Today I went to N's T-ball game. I hated it. Every single, boring, irritating minute of it. In fact, as cute as N. looked in his little uniform, I couldn't wait for it to be over.
For those of you unfamiliar with T-ball, it's pretty much baseball on a stick. They sit a baseball on a large tee, and let the kids hit the ball off the tee.
The really sad part is that most of the kids STILL MISS THE BALL.
I mean, it's on a STICK! It's not moving! There are no curveballs or sliders, it's never high or low, it's stationary.
And they still miss it.
Now me, I think this means that these six-year-olds just aren't developmentally ready for baseball yet. That's okay; they can wait another year, or two, until they are.
Apparently I'm in the minority on that one. Tom thinks it's harmless enough and teaches the kids the most basic principles of how to play baseball: i.e., you try to hit the ball and if you do, you run; you can't throw the baseball at the runner like a dodgeball; the game is played in a diamond shape.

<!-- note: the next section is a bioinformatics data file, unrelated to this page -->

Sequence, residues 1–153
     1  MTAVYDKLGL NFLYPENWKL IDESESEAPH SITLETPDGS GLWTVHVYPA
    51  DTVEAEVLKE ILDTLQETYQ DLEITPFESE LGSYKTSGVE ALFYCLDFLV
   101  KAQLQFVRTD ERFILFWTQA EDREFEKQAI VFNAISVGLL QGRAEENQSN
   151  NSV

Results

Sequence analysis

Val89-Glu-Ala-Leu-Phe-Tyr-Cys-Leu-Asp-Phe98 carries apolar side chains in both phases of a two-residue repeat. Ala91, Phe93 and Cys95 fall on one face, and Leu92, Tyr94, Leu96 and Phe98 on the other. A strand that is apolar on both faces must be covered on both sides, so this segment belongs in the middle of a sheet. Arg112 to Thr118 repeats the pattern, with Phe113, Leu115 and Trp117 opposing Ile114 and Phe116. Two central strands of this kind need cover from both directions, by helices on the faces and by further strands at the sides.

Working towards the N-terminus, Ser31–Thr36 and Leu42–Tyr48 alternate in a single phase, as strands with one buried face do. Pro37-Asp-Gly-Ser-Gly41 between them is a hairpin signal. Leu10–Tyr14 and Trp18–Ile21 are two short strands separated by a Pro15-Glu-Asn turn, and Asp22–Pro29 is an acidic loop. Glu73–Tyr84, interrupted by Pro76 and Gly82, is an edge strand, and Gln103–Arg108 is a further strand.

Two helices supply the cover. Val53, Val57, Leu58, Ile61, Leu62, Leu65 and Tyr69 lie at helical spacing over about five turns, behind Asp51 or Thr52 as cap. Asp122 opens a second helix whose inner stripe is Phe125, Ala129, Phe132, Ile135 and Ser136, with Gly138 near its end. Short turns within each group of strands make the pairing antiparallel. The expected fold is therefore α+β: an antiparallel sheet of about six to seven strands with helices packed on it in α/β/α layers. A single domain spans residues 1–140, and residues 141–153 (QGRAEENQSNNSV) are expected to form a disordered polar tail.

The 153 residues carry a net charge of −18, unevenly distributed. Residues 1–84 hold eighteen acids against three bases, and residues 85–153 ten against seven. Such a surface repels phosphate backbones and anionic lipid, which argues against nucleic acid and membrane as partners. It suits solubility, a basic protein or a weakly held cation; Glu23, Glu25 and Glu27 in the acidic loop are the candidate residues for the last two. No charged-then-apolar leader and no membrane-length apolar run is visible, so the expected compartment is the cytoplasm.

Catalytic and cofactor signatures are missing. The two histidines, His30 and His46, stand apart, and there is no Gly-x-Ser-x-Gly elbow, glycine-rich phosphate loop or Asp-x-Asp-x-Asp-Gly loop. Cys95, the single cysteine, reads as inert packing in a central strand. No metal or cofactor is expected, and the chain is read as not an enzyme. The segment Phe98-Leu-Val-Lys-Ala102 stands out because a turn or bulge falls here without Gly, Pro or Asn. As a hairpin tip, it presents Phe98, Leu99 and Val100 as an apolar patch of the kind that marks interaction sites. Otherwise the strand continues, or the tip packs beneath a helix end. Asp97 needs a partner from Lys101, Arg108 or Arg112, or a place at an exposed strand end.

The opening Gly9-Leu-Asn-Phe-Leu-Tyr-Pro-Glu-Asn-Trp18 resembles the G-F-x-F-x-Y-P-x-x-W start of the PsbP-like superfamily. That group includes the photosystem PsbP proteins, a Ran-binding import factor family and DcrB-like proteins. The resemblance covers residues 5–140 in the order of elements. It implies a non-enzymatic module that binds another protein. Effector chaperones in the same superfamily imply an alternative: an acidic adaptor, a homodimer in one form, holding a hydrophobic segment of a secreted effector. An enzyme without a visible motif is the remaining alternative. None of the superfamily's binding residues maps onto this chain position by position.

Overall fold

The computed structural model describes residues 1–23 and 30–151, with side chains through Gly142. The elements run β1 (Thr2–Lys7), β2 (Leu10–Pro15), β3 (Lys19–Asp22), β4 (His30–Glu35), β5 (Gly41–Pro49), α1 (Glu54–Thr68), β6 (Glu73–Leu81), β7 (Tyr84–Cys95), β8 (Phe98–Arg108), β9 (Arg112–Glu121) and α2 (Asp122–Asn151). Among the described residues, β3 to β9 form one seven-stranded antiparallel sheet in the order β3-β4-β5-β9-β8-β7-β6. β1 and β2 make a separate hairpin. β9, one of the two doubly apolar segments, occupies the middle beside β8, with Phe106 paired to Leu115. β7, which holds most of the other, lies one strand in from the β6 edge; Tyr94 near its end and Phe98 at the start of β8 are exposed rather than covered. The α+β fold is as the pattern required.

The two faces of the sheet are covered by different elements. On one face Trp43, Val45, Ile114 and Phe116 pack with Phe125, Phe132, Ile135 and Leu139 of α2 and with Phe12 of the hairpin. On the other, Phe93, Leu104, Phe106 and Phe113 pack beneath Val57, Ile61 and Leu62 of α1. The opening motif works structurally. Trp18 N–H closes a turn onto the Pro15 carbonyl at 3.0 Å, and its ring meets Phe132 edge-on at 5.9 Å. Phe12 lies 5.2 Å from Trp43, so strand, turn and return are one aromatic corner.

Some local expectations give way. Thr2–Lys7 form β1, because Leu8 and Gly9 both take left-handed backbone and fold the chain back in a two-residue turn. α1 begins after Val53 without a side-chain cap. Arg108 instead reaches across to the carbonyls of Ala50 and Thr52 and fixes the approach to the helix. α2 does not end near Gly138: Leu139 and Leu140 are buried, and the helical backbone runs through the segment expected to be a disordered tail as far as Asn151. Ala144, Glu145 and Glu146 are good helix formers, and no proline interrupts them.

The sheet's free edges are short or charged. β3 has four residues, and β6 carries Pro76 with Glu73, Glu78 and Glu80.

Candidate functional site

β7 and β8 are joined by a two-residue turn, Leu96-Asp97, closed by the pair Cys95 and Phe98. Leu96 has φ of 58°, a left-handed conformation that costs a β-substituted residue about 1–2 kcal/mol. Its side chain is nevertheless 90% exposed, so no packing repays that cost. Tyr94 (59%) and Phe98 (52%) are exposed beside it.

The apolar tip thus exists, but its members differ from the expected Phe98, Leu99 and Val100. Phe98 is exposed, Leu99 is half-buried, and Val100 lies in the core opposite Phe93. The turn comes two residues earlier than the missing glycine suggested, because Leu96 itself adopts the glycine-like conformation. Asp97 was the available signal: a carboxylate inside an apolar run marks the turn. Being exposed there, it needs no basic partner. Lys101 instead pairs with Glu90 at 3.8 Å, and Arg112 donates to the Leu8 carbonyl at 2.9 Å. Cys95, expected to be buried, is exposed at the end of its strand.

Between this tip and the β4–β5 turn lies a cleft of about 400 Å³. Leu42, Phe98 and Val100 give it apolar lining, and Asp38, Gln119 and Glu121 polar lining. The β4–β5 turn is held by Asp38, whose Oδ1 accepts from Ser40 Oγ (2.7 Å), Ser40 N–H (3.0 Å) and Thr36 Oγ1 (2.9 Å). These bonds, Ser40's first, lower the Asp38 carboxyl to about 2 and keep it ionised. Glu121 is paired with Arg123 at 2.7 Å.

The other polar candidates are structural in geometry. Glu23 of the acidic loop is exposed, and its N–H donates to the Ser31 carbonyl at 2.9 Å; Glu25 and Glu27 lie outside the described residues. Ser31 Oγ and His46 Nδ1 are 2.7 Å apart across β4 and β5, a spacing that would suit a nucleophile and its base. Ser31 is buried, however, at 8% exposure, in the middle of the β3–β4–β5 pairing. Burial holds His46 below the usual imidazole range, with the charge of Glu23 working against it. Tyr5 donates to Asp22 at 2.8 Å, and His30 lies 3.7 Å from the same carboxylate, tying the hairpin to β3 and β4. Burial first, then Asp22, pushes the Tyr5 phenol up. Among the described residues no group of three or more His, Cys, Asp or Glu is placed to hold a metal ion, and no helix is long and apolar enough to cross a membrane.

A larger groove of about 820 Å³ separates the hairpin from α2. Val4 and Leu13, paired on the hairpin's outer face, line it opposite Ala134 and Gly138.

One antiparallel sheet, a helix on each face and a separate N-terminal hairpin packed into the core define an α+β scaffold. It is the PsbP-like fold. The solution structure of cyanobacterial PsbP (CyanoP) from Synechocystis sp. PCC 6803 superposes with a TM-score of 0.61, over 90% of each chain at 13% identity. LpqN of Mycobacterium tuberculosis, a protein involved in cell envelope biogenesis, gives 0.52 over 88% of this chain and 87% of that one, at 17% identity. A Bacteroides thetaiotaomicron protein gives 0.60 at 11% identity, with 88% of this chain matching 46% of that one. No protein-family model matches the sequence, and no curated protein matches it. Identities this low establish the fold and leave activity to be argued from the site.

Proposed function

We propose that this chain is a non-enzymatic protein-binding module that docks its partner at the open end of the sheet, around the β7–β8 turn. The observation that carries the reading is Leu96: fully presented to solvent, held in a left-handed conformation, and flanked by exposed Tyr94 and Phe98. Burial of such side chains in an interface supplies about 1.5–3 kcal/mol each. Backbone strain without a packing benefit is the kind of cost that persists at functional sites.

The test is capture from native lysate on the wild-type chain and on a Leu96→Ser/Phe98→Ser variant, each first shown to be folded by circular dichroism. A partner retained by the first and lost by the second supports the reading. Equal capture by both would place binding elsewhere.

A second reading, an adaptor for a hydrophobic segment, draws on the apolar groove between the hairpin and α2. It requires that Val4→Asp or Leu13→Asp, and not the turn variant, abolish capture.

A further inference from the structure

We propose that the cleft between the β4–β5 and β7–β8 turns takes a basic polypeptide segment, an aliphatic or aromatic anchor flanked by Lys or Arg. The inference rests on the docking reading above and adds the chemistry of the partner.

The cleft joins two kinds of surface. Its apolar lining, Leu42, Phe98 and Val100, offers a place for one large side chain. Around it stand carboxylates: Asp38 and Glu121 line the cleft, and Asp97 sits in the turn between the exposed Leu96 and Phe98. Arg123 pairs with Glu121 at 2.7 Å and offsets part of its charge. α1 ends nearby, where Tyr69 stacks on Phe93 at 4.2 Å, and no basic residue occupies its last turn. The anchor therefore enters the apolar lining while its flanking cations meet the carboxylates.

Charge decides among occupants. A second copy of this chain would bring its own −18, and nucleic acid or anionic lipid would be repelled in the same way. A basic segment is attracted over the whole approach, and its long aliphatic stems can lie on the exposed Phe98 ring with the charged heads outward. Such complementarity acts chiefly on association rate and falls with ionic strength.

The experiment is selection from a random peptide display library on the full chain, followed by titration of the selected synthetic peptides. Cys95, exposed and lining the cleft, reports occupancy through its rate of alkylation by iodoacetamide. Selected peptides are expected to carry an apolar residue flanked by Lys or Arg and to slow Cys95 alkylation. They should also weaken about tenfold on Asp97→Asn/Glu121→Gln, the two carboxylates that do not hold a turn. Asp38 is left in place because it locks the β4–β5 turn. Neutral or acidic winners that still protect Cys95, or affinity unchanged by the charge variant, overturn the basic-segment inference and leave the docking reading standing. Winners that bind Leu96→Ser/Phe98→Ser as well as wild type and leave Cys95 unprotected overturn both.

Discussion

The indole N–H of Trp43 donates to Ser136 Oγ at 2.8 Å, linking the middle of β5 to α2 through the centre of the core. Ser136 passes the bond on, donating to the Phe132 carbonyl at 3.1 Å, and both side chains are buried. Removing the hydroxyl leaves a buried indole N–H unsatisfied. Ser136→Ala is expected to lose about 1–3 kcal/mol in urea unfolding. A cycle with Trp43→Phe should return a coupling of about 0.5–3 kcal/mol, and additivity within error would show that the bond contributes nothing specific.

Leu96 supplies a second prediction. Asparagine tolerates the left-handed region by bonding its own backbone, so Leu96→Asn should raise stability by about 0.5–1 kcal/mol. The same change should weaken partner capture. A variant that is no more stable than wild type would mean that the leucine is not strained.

N.'s game took two and a half hours. It was only three innings long. The game is so damn affirming and positive that each kid on each team gets to bat. They can only do three "innings" of this, since there are about 12 kids on each team, so letting each one bat takes about 45 + minutes when all is said and done. (No one keeps track of outs or runs.) In the meantime, the kids in the field are picking dandelions, picking their underwear, picking their noses, and doing just about anything other than trying to catch the ball. Their parents are cheerfully yelling positive, affirming things, like "Great try, Declan!" and "Good hustle, Chase!" (or do I mean "Good chase, Hustle!"?) while the coaches are teaching the kids waiting to bat to singsong "Let's go, Leighton, let's go!" [clap clap], like apathetic -- and slightly demonic -- monks.
The saving grace on N's team is a kid named Daniel. Daniel is the anti-T-ball player. He packs quite a punch of contrariness, does Daniel. When the kids are singsonging for Leighton to get a hit, Daniel singsongs, "Strike out Leighton, strike out!" [clap clap] When it's Daniel's turn to bat and the coach tells him "You're up, Daniel!", Daniel says, "Nope. I don't feel like batting."
"But Daniel, it's your bat!"
"I don't feel like batting right now."
"C'mon, Daniel, the team needs you!"
Studied pause. "Nope."
Best of all, when the "game" is over and the two teams file by each other you can hear Daniel muttering, "Bad game" "Bad game" to each proffered high five that passes by.
Now that's my kind of T-ball player.